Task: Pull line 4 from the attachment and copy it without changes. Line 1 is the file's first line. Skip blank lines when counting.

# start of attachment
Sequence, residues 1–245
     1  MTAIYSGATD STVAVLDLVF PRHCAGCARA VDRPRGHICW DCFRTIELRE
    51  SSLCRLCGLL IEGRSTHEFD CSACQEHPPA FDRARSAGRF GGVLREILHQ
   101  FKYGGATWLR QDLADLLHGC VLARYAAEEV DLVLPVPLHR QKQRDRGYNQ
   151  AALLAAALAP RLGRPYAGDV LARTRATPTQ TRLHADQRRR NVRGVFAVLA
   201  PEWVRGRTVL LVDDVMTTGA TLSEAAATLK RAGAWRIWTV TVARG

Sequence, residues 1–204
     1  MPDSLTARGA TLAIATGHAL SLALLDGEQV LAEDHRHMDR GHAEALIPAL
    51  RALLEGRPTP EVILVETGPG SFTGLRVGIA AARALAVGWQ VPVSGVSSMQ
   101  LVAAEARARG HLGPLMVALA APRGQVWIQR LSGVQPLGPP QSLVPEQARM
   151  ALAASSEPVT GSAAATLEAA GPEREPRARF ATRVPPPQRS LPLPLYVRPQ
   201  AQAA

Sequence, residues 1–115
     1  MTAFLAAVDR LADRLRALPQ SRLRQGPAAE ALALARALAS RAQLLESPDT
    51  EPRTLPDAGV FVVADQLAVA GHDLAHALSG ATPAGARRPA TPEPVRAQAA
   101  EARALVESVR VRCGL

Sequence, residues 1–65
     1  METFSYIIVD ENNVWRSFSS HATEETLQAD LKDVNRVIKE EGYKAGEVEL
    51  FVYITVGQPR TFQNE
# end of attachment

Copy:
   101  FKYGGATWLR QDLADLLHGC VLARYAAEEV DLVLPVPLHR QKQRDRGYNQ